Hanoi to censure teachers for ignoring cheating at national exam

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A Hanoi education official visits Quang Trung High School during the graduation exam on June 3. Photo courtesy of Tuoi Tre

Inspectors in Hanoi have proposed that some exam supervisors be censured for leaving so that students could use cheat sheets at the recent national high school exam.

Loose supervision was observed at Quang Trung High School in Ha Dong District during the foreign language and Math sessions on June 4, the final day of the three-day graduation exam, education inspectors said earlier this week.

A video, which was submitted to the Ministry of Education and Training the same night, shows the supervisors leave the room and turn their back to the students while the latter copied answers from cheat sheets, some also dictating the answers to others.

Teachers and officials supervising the exam at Quang Trung were not from the same schools as the students who took the test.

Hanoi education inspectors suggested that the leaders of the site's supervision board be rebuked.

Vice minister Nguyen Vinh Hien said the supervisors demonstrated a poor sense of responsibility.

He supported the censure, saying they it would be sufficient punishment.

A source from the ministry said the video was filmed from a resident home near the school.

Without the video, the exam site would be assessed as "well-organized with tight control," which the inspection team from the Hanoi education department and the education ministry had concluded on the morning of June 3.

Information on the violating supervisors or the video's authors were not available yet, and it is still unclear if the ministry will release the video to the public.

The video has not been released to the press or published on the Internet, although the education ministry lifted its ban on the publication of exam cheating evidence in March after receiving criticism from many people including teachers and lawyers that whistleblowers would be discouraged if they were not allowed to expose their evidence to anyone except the exam's managing committee.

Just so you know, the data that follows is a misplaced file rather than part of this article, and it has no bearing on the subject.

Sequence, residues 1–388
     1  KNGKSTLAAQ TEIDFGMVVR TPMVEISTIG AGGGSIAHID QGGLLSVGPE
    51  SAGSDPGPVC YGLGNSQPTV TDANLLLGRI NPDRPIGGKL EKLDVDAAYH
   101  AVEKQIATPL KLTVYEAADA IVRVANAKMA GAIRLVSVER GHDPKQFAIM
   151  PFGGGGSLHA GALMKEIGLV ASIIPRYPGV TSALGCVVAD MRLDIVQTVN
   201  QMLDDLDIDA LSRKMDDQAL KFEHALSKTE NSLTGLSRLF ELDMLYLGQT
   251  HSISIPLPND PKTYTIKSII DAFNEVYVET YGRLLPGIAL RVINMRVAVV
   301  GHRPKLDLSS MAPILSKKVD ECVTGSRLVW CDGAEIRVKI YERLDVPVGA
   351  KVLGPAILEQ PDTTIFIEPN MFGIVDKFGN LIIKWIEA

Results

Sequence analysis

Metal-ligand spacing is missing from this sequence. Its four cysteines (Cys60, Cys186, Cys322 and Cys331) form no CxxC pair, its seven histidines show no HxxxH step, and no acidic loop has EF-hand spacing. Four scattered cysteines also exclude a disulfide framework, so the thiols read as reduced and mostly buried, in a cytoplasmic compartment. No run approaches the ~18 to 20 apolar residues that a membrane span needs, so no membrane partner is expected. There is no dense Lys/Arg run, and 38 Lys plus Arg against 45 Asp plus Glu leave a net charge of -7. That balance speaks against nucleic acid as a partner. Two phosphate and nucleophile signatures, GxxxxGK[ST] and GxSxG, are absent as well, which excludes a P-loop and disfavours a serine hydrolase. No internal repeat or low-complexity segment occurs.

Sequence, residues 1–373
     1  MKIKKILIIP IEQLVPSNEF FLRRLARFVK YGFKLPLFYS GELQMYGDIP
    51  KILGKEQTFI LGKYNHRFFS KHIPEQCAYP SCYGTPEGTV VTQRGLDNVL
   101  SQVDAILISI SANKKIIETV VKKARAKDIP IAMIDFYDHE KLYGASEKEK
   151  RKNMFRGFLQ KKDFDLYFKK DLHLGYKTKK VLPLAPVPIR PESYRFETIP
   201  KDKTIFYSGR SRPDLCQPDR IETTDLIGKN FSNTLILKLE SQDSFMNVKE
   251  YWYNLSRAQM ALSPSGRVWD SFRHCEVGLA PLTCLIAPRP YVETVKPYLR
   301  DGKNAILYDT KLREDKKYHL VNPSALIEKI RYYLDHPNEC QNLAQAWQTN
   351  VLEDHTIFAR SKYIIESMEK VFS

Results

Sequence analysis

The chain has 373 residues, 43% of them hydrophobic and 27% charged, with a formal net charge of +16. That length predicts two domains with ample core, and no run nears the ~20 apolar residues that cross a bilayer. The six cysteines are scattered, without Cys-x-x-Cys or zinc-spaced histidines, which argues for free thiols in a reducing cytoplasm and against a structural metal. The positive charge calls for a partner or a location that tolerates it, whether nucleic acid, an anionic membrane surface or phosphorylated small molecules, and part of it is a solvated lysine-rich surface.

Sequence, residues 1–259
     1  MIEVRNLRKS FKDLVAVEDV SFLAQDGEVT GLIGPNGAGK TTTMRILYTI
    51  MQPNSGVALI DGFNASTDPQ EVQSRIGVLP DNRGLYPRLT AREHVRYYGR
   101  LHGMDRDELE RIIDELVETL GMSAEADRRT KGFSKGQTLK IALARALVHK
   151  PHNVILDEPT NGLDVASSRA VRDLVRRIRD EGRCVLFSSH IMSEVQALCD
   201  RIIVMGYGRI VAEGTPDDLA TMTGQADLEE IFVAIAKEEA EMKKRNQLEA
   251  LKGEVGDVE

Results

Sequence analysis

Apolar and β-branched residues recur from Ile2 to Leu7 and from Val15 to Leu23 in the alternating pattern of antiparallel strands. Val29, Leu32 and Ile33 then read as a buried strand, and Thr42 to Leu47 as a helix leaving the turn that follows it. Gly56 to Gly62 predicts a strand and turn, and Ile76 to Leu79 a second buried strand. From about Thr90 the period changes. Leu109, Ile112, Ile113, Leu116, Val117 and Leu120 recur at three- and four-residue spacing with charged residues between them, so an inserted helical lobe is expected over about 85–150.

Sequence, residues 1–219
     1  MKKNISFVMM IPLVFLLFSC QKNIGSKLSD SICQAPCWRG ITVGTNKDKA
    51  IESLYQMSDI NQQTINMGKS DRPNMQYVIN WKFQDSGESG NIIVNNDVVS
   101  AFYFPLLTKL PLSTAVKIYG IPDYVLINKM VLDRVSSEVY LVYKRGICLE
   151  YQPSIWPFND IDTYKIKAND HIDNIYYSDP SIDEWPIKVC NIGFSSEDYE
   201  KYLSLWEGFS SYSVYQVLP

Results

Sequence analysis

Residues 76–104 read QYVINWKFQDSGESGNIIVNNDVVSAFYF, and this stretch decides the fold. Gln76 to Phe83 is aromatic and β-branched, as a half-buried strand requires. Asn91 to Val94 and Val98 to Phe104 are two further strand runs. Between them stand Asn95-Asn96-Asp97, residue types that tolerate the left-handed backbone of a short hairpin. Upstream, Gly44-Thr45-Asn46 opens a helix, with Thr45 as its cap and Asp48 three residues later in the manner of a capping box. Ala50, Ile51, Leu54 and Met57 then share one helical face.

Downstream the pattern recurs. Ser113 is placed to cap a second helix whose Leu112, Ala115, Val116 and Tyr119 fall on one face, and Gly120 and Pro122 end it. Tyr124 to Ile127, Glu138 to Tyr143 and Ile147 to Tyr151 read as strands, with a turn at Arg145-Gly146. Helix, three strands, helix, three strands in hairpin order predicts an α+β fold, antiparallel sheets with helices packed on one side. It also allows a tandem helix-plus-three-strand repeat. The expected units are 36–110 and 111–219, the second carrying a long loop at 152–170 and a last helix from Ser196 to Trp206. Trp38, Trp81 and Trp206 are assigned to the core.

Exposing exam cheats has been a hot topic in Vietnam since last year's high school graduation exam, when two teachers organized to film the widespread cheating at a private school outside Hanoi.

The 12 videos showed some teachers directly assisting in the cheating at Doi Ngo high school in Bac Giang Province by taking exam questions out of the rooms, answering them, making different copies of the answers and delivering them to the students.

Two school principals who were primarily in charge of supervising the site were later removed from their positions, and six teachers caught in the video were sacked.

But the whistleblowers, including one from the school, said they were disappointed with the punishments, calling them "tokens." They said the school's leaders should have been sacked instead of the teachers who had merely followed orders.

The two students who filmed the cheating with camera pens were rebuked for violating exam regulations instead of receiving praise.

Public outcry prompted the education ministry to adjust its regulations to allow students to bring video recording devices into exam rooms to catch cheaters.

In 2010, Transparency International's Global Corruption Barometer for Vietnam found that education was perceived as the country's second most corrupt sector.

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